2. Provide lots of information. Having an error when user does operation X on Y? Include the user name, details of Y, the date, etc. Most systems log too little information rather than too much.
  3. Do not log security sensitive or privacy sensitive information, like passwords or encryption keys. Be careful of logging stack traces or things that show the internal layout of code, too.
  4. Log all errors, even if they seem unimportant, and what the system did (retried, aborted, different behaviour).
  5. Do not log performance information or other things a log is not suited for. On Windows, for example, use Windows performance counters instead.
  6. Use a consistent log entry format. For example, you may want to import logs into a database to provide some metrics for management or quickly search across multiple log files for information. Ensure each log entry has the same structure, dates and times have the same format and any enumerated values have defined and consistently used values. In your case, ensure any "ugly" debugging messages are at least written in the correct format.
  7. Log using UTC dates and times. Daylight saving changes are common causes of issues. It also helps being able to correlate issues from different servers or log files easily.
  8. Consider log retention/archiving/disposal. Log files can grow very quickly, consuming space and making them hard to search through. For example, create a new file each day and delete files older than a month. If a new log file is created when the program is run, give it a unique name so logs from older runs are not overwritten.
  9. If logs have different audiences, log them to different locations. For example, log security sensitive information (audit information) separately. It is often needed for compliance and should not be tampered with.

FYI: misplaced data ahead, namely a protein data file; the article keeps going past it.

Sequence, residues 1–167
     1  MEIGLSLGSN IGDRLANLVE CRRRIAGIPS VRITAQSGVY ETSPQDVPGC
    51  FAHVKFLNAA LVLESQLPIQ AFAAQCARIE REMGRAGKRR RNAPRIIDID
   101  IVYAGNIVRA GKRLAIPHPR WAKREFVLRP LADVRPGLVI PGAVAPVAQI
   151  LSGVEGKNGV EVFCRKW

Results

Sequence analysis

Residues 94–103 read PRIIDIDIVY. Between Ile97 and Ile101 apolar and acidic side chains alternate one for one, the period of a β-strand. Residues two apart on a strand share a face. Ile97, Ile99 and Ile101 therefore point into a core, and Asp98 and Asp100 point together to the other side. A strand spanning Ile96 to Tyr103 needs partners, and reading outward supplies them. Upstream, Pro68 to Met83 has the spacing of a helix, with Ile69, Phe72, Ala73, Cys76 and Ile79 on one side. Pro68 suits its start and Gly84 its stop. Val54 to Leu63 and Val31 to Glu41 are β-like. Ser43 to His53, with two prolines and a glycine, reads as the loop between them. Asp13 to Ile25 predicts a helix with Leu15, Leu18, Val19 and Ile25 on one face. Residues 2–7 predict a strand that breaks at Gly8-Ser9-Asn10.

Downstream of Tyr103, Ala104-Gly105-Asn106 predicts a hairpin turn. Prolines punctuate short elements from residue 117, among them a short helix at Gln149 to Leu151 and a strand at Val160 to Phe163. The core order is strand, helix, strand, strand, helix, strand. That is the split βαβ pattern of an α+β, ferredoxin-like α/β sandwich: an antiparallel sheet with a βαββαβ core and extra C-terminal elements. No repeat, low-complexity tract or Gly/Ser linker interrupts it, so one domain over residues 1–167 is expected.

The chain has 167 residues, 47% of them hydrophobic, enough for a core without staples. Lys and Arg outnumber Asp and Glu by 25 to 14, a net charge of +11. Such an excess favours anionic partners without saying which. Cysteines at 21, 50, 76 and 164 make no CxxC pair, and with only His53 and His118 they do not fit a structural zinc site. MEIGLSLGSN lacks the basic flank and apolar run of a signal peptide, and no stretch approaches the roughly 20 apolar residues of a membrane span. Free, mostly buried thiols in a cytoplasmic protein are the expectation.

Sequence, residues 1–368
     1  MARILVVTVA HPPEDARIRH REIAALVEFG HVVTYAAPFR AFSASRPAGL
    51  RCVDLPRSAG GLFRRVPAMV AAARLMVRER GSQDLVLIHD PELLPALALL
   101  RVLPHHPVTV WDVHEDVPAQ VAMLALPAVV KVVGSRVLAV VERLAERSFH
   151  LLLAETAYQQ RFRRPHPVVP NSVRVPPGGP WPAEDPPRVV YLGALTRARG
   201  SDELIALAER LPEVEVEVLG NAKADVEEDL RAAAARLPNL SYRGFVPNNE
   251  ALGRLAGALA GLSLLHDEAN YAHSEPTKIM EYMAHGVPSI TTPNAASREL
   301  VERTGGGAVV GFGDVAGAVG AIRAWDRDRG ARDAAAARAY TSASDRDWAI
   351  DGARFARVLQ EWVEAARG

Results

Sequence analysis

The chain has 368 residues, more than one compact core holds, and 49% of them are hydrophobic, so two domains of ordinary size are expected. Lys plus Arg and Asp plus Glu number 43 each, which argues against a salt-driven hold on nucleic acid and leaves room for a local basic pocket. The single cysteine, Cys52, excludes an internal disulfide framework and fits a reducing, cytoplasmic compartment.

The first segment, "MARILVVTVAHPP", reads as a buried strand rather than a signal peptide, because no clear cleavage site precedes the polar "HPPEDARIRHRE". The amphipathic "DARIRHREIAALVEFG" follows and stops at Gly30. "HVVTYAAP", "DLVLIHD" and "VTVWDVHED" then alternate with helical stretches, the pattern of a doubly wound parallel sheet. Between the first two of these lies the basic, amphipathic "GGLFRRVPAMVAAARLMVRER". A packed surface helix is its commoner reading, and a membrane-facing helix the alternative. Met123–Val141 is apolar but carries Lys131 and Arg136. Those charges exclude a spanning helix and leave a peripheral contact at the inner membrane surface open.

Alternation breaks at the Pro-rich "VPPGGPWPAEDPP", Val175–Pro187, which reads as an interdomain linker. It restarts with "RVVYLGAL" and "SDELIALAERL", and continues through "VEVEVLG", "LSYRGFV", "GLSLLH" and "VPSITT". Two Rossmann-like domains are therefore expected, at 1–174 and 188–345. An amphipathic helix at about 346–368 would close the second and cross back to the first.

10. Logs are rarely localized to different languages but logs may need to contain strings containing different character sets. Use a suitable encoding (e.g. UTF-8) consistently.

One easy way to address many of these is consider a logging framework like log4J or log4net. These provide a structured format, allow the log to be written to different or multiple locations (e.g. a database) and often use a separate thread pool to prevent logging becoming a bottleneck. It will also protect you from CRLF injection where someone may accidentally or maliciously try to manipulate log entries.

If the software is used internally, your organization may have logging or monitoring standards that cover some of this, particularly the log format and retention.

Regarding working out what to log, what are the steps in the algorithm? Subdivide the algorithm into steps and log the result of each one. Pretend you are the program explaining to a human how you came up with your results. It's like showing your working when doing a mathematics problem at school. Start with the high level steps then work deeper.

In your case, you describe the application it as "finding a path in a graph of network nodes and establishing a route through them". It sounds like there are two stages: finding the path then establishing it. Log those. Next, what is involved in finding a path? Sounds like an enumeration of a directed graph. Are there any optimizations that can exclude parts of the graph or recommend others? Include any details on them. As for creating a path, log the details of each device, whether the connections were successfully created and so on.

  • "Log entries like "Wtfwtf" only help a developer that can search for that string in the code." - such error logs should never output in production code (as they are only for developer's to alarm). But it seems that here it happens regularly and simply removing them only would make the situation worse ("If I remove these ugly logging statements things may become difficult to debug"). – SChepurin Apr 10 '14 at 8:11
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    I did not say remove them. I said change it to something that makes sense, e.g. "Connecting to server XXX failed due to authentication failure". – akton Apr 10 '14 at 8:16
  • But the problem is that OP has no idea about causes of these messages (otherwise he could do it without Programmers site to consult with). – SChepurin Apr 10 '14 at 8:23